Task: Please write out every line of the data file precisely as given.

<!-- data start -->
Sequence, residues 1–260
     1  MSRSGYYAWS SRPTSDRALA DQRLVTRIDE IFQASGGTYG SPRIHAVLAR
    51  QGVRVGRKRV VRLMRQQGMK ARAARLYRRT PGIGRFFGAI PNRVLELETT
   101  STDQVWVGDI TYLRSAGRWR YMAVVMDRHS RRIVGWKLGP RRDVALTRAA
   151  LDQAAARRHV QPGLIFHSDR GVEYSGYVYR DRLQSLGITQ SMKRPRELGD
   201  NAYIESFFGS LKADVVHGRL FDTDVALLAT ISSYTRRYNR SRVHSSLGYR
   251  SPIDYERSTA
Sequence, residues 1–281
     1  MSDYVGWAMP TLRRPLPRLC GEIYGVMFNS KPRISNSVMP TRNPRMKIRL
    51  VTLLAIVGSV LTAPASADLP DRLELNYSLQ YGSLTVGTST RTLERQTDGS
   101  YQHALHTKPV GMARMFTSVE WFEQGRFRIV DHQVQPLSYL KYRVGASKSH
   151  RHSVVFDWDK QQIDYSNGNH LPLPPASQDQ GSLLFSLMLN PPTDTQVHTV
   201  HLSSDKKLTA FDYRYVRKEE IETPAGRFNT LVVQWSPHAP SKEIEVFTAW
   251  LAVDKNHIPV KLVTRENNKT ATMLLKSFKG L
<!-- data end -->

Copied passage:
Sequence, residues 1–260
     1  MSRSGYYAWS SRPTSDRALA DQRLVTRIDE IFQASGGTYG SPRIHAVLAR
    51  QGVRVGRKRV VRLMRQQGMK ARAARLYRRT PGIGRFFGAI PNRVLELETT
   101  STDQVWVGDI TYLRSAGRWR YMAVVMDRHS RRIVGWKLGP RRDVALTRAA
   151  LDQAAARRHV QPGLIFHSDR GVEYSGYVYR DRLQSLGITQ SMKRPRELGD
   201  NAYIESFFGS LKADVVHGRL FDTDVALLAT ISSYTRRYNR SRVHSSLGYR
   251  SPIDYERSTA
Sequence, residues 1–281
     1  MSDYVGWAMP TLRRPLPRLC GEIYGVMFNS KPRISNSVMP TRNPRMKIRL
    51  VTLLAIVGSV LTAPASADLP DRLELNYSLQ YGSLTVGTST RTLERQTDGS
   101  YQHALHTKPV GMARMFTSVE WFEQGRFRIV DHQVQPLSYL KYRVGASKSH
   151  RHSVVFDWDK QQIDYSNGNH LPLPPASQDQ GSLLFSLMLN PPTDTQVHTV
   201  HLSSDKKLTA FDYRYVRKEE IETPAGRFNT LVVQWSPHAP SKEIEVFTAW
   251  LAVDKNHIPV KLVTRENNKT ATMLLKSFKG L